United Space Alliance (USA) was a spaceflight operations company. USA was a joint venture which was established in August 1995 as a Limited Liability Company (LLC), equally owned by Rockwell International and Lockheed Martin. The sale of Rockwell's aerospace and defense assets, including the Rockwell Space Operations Company (RSOC) and the Space Transportation System Operations Contract (STSOC) to Boeing in December 1996 made Boeing the co-owner along with Lockheed for the rest of the company's corporate existence. The company was headquartered in Houston, Texas and in 2008 employed approximately 8,800 people in Texas, Florida, Alabama, and the Washington, D.C. area.[1] In 2014, the company was in the process of dissolving.[2] The company was finally dissolved on 20 December 2019.[3]

United Space Alliance
Company typeLimited liability company
FoundedAugust 1995
Defunct20 December 2019 Edit this on Wikidata
HeadquartersHQ in Houston, Texas, locations in FL, AL, DC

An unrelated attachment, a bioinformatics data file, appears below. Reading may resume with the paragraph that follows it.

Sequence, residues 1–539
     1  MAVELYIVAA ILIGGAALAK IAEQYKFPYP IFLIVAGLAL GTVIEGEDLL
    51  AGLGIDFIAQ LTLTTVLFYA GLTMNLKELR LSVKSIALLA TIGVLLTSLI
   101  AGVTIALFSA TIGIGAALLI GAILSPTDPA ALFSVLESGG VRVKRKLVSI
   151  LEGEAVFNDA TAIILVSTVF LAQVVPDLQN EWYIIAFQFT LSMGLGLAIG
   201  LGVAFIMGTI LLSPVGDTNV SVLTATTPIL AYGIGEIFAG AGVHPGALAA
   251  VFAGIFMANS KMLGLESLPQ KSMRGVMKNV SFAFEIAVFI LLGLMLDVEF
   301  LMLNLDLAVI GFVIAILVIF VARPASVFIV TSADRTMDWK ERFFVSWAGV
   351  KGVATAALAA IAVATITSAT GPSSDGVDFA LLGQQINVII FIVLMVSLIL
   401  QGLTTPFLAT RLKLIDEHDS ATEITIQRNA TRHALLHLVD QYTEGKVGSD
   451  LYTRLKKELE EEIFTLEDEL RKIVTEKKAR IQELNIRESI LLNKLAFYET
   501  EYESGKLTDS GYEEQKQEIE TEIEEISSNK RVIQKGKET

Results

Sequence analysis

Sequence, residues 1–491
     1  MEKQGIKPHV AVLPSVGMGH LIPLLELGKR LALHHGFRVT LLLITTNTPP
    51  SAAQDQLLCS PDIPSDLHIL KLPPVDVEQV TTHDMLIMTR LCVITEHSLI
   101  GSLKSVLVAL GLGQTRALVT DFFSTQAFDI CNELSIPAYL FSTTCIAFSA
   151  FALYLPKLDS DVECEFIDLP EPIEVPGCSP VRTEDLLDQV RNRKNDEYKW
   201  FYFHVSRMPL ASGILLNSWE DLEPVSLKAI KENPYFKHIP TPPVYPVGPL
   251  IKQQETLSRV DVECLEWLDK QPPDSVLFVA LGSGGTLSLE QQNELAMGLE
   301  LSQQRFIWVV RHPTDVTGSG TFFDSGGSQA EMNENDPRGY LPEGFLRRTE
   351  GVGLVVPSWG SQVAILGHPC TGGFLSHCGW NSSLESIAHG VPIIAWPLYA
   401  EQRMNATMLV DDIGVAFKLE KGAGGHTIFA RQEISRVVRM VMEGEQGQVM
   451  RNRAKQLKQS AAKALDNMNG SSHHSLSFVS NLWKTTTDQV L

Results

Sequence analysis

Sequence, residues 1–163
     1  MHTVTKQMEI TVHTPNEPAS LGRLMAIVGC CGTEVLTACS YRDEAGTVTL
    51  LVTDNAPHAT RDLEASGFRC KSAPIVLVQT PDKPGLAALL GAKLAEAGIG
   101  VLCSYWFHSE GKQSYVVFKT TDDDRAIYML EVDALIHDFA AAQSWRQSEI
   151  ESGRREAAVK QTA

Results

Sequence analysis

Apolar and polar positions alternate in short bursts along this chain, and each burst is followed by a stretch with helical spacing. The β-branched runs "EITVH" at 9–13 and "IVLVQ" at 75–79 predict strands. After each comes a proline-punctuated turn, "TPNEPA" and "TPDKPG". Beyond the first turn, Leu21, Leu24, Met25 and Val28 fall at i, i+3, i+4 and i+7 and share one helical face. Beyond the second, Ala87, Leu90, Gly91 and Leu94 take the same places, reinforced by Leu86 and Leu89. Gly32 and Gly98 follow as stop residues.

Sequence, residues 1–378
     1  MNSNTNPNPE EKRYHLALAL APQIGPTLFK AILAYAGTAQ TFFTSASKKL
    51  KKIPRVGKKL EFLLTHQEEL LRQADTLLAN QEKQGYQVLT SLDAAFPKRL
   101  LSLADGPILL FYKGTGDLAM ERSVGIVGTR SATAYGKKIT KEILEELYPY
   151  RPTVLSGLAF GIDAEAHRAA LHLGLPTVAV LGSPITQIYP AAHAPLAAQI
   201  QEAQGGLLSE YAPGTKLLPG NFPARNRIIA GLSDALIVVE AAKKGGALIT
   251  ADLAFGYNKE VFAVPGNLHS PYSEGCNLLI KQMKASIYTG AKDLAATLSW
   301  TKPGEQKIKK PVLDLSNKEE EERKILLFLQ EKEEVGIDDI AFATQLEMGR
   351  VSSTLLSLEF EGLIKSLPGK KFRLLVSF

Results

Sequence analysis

Key people
Michael J. McCulley (CEO 2003–2007)
ProductsSpaceflight operations
RevenueUS $2.0 billion (2005)[citation needed]
Number of employees
2,800 (2012)
ParentJoint venture of Boeing (originally Rockwell International) and Lockheed Martin

History edit

United Space Alliance's original logo featured the Space Shuttle orbiter, it was changed to the current logo in 2008.[4]

United Space Alliance was formed as a limited liability company as a joint venture between Rockwell International and Lockheed Martin in response to NASA's desire to consolidate many Space Shuttle program contracts to one prime contractor. USA and NASA signed the Space Flight Operations Contract (SFOC) in September 1996 to become the single prime contractor that NASA was seeking.[5] USA supported the contract for 10 years through September 2006. This led to USA and NASA agreeing on October 2, 2006 to the Space Program Operations Contract (SPOC).[6]